where ΔGpH,i was the pH dependence of stability of state i relative to the “native” crystallographic structure (N), R was the gas constant, T was temperature, ΔνpH,i was the difference in proton binding between state i and N as a function of pH, and ΔGCOREX,i was the stability of state i determined by empirical parameterization of the intrinsic energetics (ΔG, ΔH, and ΔS) through solvent accessible surface area calculations as stated above. Thus, with respect to Asp 21, decreasing pH shifted the equilibrium distribution of states to the second and third sub-ensembles in FIG. 1 at the expense of population of the states in the first sub-ensemble (i.e. Asp 21 had a higher affinity for protons in sub-ensembles 2 and 3 relative to sub-ensemble 1).

FIG. 1 also showed 10 of the more stable states for each of three sub-ensembles generated by COREX. The white arrow showed the position of residue Asp 21. Folded regions are indicated by dark gray and light gray represented unfolded regions.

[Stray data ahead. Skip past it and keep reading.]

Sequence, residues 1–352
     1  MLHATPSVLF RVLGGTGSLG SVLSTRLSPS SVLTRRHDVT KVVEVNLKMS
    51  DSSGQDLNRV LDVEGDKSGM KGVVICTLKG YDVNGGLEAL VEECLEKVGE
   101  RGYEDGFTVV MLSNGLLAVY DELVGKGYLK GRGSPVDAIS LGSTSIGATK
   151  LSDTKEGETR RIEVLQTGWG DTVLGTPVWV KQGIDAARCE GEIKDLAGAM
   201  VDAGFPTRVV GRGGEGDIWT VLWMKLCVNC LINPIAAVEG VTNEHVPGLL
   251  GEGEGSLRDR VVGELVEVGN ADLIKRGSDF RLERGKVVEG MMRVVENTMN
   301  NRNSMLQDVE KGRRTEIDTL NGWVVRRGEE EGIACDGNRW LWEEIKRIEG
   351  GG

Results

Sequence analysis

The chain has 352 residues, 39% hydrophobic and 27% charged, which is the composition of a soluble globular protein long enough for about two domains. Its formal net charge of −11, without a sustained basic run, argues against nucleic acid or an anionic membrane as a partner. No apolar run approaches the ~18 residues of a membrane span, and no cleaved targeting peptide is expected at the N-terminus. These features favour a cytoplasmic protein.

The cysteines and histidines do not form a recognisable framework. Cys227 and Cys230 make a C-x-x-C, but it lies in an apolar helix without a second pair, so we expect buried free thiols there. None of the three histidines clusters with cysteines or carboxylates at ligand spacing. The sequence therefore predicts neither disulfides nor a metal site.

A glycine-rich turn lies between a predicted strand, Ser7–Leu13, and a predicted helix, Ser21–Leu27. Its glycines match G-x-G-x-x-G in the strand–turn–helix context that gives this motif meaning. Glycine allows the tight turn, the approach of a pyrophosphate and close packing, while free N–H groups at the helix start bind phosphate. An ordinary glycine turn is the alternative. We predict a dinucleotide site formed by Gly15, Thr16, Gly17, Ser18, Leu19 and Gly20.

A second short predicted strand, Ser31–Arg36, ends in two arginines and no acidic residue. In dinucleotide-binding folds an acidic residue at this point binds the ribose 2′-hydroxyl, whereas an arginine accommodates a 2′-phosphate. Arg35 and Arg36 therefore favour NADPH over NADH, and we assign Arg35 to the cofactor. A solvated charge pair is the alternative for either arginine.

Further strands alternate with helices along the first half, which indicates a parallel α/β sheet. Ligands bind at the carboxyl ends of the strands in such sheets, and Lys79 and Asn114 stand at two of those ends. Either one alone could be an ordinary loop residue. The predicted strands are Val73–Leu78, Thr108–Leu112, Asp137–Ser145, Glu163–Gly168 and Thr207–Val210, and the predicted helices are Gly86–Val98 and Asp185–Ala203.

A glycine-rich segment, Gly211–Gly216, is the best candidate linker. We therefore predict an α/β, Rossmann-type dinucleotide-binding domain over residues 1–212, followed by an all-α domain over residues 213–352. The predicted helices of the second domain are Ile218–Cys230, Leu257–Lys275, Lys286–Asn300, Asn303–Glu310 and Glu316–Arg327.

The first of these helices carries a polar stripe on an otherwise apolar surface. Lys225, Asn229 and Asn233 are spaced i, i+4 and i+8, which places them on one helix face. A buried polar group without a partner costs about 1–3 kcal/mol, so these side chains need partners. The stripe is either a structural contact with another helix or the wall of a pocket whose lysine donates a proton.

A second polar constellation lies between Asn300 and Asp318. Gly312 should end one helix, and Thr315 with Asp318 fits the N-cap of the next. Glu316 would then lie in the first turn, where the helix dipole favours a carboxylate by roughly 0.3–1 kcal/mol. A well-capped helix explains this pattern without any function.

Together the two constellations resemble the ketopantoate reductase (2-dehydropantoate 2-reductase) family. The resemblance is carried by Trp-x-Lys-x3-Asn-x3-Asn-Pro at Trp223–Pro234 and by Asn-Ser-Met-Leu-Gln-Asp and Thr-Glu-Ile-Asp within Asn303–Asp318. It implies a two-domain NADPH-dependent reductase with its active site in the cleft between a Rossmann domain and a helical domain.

In all states of the first sub-ensemble, Asp 21 was folded and protected from solvent and titrated with its crystallographic pKa (pKa,N=0.524 by FD/PB calculations assuming an ionic strength of 100 mM).

In the second sub-ensemble, Asp 21 was folded but exposed to solvent and titrated with a pKa of 4.0. In the third sub-ensemble, Asp 21 was unfolded, thus exposed to solvent and also titrated with a pKa of 4.0 in these states.

With respect solely to Asp21, it was shown that decreasing pH shifted the equilibrium population of states to the second and third sub-ensembles at the expense of the states in the first sub-ensemble.

A similar representation and argument was made for each titratable residue of the protein. Following this reasoning, the cooperativity of any pH induced shift in ensemble population was linked to the overlap in the residue specific sub-ensembles imitated in FIG. 1.

Example 4 Calculation of pH Dependence of the Specific Residues